Reserve Bank keeps cash rate at record low: What does it mean for SMEs?


RBA governor Dr Philip Lowe. Source: AAP.

Small businesses can expect variable rates on SME loans to remain low and a more competitive labour market following the Reserve Bank of Australia’s board meeting yesterday. 

On Tuesday, the Reserve Bank decided to keep the April 24 bond as the bond for the yield target, to continue buying government bonds after the current $100 billion bond purchase program finishes, and to maintain the cash rate target at 0.10%.

Leading economist Saul Eslake says despite the Reserve Bank’s view that it won’t need to start raising the cash rate until 2024, there’s a growing chance that it will move earlier than that.

Interest rates on SME loans

Small businesses can expect a future change in the cash rate to lead to higher variable rates on SME loans of at least the equivalent amount.

“The second implication is that fixed rates have actually already started to rise and will probably rise further even before the Reserve Bank starts lifting the official cash rate,” Eslake tells SmartCompany.

The increase in fixed rates is due to the fact that they are priced off longer term rates in the bond market, including two-, three-, five-year rates.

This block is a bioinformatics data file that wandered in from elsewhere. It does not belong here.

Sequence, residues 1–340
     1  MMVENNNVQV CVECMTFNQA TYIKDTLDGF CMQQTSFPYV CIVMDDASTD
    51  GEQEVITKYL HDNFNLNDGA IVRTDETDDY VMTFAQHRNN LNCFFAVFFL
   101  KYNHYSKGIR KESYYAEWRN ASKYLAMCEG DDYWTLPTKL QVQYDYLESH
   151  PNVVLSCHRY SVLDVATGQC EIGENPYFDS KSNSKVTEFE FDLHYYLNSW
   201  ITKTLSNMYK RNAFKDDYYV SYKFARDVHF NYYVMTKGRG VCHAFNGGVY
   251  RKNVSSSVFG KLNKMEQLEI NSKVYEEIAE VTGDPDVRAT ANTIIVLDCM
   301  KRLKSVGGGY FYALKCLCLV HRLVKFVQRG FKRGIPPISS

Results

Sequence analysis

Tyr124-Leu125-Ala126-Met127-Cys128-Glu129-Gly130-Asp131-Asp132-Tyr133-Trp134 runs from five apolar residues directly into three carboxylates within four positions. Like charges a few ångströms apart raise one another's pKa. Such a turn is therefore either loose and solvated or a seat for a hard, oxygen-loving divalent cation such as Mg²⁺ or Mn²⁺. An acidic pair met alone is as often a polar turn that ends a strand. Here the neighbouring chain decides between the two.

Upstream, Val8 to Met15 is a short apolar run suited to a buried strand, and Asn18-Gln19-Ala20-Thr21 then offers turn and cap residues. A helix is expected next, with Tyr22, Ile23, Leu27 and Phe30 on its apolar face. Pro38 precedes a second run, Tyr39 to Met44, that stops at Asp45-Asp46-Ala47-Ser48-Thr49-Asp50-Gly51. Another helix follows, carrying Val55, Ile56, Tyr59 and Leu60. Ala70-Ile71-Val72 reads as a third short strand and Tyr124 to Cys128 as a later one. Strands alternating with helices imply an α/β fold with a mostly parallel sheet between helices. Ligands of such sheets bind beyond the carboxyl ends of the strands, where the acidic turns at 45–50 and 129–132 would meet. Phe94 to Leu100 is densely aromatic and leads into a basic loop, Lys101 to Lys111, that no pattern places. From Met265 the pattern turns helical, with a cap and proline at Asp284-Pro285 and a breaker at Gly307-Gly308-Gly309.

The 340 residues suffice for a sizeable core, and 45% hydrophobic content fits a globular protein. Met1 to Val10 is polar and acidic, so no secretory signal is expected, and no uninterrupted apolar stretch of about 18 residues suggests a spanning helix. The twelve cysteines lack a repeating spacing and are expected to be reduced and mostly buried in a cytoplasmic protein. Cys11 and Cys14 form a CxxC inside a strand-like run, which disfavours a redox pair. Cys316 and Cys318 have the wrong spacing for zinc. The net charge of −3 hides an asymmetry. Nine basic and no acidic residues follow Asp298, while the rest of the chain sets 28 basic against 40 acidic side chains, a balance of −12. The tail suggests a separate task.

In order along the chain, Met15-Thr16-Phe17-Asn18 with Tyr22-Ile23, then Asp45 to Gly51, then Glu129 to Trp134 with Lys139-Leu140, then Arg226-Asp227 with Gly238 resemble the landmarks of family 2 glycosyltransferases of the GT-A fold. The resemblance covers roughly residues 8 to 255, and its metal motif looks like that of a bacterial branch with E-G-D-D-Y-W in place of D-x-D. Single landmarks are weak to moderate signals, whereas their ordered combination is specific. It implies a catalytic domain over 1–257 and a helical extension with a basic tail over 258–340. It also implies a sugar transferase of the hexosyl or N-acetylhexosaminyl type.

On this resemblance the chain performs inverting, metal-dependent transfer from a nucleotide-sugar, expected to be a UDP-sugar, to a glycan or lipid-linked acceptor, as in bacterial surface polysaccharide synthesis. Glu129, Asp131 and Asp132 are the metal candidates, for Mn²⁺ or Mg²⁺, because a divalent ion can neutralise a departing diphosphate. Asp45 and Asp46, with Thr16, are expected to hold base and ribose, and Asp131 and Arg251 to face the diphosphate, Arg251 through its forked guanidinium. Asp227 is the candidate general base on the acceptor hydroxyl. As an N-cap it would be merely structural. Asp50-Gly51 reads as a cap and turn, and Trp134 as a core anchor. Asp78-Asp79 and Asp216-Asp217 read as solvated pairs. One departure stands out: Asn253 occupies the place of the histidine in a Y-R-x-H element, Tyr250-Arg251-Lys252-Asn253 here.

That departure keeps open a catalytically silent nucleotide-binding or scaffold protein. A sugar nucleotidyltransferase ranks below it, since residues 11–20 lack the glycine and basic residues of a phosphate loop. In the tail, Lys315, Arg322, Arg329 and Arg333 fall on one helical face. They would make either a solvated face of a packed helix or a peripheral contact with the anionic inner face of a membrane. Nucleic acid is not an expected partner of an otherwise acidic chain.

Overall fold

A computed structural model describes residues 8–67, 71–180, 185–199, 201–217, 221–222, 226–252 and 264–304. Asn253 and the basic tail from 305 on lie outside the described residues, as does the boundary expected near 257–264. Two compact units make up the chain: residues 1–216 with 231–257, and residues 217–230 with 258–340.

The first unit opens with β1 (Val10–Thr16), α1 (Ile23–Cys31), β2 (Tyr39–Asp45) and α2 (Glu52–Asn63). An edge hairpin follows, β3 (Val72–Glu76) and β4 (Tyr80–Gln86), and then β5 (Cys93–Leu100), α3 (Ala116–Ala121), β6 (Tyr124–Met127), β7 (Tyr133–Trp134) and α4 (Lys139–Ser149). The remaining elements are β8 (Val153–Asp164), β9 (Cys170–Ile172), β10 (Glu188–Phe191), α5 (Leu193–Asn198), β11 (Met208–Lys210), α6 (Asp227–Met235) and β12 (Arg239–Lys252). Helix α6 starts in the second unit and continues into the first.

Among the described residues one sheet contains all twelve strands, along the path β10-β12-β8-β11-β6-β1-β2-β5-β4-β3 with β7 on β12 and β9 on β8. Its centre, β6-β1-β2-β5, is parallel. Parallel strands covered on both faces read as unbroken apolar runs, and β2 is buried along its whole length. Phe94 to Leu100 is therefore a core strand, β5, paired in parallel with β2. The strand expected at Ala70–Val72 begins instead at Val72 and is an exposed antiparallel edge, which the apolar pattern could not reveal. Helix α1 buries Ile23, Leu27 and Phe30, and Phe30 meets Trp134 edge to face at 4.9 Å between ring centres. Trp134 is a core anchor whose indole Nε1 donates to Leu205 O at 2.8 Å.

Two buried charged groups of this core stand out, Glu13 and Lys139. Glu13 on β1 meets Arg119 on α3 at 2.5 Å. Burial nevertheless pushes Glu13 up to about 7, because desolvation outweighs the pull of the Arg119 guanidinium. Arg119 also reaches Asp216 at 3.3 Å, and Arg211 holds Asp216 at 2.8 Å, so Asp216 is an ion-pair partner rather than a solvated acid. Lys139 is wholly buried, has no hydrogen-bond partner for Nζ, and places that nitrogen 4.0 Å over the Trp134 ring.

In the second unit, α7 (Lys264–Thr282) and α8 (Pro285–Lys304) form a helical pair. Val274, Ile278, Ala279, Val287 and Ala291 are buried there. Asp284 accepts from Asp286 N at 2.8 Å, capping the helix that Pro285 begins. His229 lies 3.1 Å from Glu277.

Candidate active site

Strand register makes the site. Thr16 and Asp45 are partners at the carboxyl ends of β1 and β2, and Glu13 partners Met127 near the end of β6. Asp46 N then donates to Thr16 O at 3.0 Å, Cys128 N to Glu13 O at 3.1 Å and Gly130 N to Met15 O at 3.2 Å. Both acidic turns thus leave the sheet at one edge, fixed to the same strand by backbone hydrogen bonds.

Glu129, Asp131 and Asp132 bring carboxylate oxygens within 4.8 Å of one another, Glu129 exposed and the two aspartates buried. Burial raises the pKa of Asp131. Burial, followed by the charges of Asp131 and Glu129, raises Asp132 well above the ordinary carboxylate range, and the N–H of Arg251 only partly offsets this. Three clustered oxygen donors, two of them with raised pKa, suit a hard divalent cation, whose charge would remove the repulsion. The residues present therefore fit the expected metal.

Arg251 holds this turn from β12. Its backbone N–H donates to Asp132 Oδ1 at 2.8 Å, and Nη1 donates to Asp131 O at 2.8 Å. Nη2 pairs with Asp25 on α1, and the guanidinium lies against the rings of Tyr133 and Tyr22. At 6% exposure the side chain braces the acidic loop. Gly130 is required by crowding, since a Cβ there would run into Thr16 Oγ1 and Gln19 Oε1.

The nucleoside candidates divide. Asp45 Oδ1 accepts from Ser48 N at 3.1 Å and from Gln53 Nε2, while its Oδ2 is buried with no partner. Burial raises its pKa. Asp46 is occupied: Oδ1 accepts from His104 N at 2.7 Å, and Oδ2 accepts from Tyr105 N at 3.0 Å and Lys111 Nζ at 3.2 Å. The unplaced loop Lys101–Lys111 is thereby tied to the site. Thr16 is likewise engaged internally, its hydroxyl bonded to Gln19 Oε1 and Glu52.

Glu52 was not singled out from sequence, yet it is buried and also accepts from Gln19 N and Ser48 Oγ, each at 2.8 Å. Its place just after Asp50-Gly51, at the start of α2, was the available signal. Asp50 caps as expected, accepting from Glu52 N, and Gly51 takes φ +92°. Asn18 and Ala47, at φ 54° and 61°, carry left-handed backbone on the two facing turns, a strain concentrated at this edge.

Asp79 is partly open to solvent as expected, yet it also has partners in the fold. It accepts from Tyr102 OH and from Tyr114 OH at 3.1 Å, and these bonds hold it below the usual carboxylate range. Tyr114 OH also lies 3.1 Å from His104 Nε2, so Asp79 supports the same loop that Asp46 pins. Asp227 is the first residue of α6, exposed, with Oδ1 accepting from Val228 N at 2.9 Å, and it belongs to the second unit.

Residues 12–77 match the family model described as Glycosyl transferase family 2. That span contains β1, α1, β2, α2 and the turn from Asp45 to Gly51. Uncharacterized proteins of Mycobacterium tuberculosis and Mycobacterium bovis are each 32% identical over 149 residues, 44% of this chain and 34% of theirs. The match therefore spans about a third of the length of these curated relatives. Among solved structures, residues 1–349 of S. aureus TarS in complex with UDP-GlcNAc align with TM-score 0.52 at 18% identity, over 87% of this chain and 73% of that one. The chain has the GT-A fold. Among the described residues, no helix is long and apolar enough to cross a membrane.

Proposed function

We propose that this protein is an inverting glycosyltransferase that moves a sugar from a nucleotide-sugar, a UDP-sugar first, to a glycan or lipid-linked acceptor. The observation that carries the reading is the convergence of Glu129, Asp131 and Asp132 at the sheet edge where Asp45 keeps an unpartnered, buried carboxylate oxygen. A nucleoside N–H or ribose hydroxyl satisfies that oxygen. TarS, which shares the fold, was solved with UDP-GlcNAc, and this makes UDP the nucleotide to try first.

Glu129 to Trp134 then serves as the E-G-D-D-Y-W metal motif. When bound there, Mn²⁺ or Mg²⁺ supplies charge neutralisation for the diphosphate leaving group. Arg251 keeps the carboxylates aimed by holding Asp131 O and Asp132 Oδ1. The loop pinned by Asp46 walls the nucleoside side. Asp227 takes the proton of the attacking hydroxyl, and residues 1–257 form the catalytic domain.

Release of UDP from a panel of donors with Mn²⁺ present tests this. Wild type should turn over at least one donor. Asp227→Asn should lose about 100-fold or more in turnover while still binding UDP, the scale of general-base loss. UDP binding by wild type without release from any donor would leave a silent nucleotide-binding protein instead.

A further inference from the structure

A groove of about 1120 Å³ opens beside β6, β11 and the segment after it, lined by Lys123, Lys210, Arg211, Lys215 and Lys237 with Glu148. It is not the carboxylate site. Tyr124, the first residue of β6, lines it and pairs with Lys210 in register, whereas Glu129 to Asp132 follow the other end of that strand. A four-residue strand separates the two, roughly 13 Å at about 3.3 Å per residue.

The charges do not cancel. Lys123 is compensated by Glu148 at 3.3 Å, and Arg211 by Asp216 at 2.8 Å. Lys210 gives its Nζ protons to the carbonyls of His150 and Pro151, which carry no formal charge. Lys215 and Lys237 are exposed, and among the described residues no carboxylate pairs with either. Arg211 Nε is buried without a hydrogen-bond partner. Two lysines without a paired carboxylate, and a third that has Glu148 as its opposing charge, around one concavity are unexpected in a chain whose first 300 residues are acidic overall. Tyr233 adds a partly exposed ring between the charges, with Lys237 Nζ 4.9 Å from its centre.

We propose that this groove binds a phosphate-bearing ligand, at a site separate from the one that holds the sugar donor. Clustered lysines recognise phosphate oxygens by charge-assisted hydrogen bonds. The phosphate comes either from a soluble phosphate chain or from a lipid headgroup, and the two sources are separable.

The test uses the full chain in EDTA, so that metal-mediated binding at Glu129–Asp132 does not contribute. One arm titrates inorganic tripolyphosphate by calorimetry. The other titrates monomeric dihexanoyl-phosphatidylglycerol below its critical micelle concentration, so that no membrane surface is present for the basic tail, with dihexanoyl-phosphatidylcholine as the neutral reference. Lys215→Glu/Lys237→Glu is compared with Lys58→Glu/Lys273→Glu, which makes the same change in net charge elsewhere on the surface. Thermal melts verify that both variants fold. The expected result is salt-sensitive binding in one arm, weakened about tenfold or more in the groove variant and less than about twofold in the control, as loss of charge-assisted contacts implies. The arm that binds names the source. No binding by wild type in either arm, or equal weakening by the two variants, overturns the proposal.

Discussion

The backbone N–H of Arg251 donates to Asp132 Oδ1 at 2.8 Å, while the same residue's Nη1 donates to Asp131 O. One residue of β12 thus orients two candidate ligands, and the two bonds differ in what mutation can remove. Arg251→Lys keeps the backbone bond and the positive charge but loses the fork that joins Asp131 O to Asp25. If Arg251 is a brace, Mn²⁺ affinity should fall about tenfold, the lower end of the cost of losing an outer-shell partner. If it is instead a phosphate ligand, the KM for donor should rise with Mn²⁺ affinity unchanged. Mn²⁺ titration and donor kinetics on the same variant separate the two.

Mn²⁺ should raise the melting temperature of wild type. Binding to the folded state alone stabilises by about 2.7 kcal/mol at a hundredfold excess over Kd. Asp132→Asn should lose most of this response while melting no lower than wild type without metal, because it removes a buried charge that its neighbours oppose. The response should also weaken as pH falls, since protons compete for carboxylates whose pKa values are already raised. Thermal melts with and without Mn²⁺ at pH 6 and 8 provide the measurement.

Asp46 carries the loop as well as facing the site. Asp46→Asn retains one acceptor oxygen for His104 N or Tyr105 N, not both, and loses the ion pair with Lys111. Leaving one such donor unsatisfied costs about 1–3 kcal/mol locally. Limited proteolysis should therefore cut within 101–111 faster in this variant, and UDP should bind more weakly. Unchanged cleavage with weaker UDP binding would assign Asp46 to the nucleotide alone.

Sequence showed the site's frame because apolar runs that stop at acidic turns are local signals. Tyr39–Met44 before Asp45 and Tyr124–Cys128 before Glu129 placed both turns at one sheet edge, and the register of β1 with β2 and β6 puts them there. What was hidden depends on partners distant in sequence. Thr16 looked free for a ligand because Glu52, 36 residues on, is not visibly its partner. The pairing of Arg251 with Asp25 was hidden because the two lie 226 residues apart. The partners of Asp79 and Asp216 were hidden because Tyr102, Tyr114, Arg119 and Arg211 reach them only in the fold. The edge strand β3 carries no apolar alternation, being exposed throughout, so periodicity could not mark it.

“Those rates aren’t set by the Reserve Bank, they’re set by financial market participants, including on the basis of their expectations as to what the cash rate is going to do,” Eslake says.

Reserve Bank Governor Philip Lowe doesn’t intend to increase the cash rate until inflation is sustainably within the 2% to 3% range. And, for inflation to be sustainably in that target range, it’s likely that wages growth will need to exceed 3%.

Tightening labour market 

Lowe acknowledged an increase in labour shortages in parts of the labour market, and a step-up in wage increases for some occupations. However, he said such shortages haven’t resulted in meaningful wage increases for most Australians.

According to Eslake, the primary reason the unemployment rate has fallen faster than expected is due to the ongoing closure of Australia’s borders. Border closures have prevented both permanent and temporary migrants from freely entering the country. 

“This means that those who are here don’t face nearly as much competition as they might traditionally have faced,” he says.

Given Australia’s international borders are expected to stay closed until mid-2022, there’s a strong likelihood that the unemployment rate could continue to fall more quickly than the Reserve Bank expects.

“Some employers simply won’t be able to fill the vacancies they have,” Eslake says.

Employers having trouble recruiting staff may be pushed to offer higher wages, which is in fact what the Reserve Bank is hoping businesses will do.

“That’s certainly beginning to happen in the United States, where there’s a similar issue,” Eslake says.

Employers may also need to consider offering training and development to new and current staff who don’t have the skills they need, he adds. 

In May, the unemployment rate fell to 5.1% which is lower than pre-pandemic levels.


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